Walking at Home Can Help Boost Poor Circulation in Legs, Study Shows
Easier than going to supervised exercise program for those with narrowed arteries, researchers say
WEDNESDAY, May 21, 2014 (HealthDay News) -- A home-based walking program benefits people with poor blood circulation in their legs, a new study finds.
The study included patients with peripheral artery disease (PAD), a narrowing of the arteries that can cause leg pain and hinder walking ability. Previous research found that supervised exercise programs can improve walking and reduce the symptoms of PAD, but this study is the first to examine the effects of a home-based workout regimen.
There were 81 patients who took part in a program that trained and encouraged them to walk at home, and a control group of 87 patients who received only general health information.
The participants in the home walking program were told to try to walk at least five days a week, building up to 50 minutes a day. If they experienced leg pain, they were to rest until their legs were comfortable again and then resume walking.
After one year, the patients in the home walking program improved their six-minute walking distance by about 87 feet (from about 355 meters to 382 meters), while the distance covered by patients in the control fell slightly, from about 353 meters to just under 346 meters.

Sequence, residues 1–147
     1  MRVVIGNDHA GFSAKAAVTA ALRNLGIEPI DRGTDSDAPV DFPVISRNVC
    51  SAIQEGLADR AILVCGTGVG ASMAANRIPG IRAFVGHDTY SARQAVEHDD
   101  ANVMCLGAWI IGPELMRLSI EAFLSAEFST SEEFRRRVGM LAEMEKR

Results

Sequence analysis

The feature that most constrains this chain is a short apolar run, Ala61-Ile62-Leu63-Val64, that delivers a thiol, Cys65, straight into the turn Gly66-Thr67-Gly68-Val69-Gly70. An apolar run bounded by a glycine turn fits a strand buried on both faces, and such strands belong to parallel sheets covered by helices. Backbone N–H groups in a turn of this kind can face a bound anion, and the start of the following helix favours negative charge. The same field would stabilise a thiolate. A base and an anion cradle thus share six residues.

The study was published May 21 in the Journal of the American Heart Association.
"The problem with supervised exercise is that it takes many visits to a cardiac rehabilitation center or other exercise facility, and it is not covered by Medicare," study author Dr. Mary McGrae McDermott, professor of medicine at the Northwestern University Feinberg School of Medicine in Chicago, said in a journal news release.
"Our results should encourage physicians to recommend walking even if their patients do not have access to a supervised exercise program," she added.
"The results emphasize the importance of recognizing and treating PAD, a common condition that often remains undiagnosed and can become life-threatening as it restricts circulation to the legs, arms, feet and kidneys. Patients with PAD are also at heightened risk for heart attack and stroke," McDermott said.
"Don't think walking problems are a normal part of aging. If you have leg pain, weakness, tingling or other difficulty walking, report it to your doctor and ask about the possibility you may have PAD," she advised.
The U.S. National Library of Medicine has more about peripheral artery disease.
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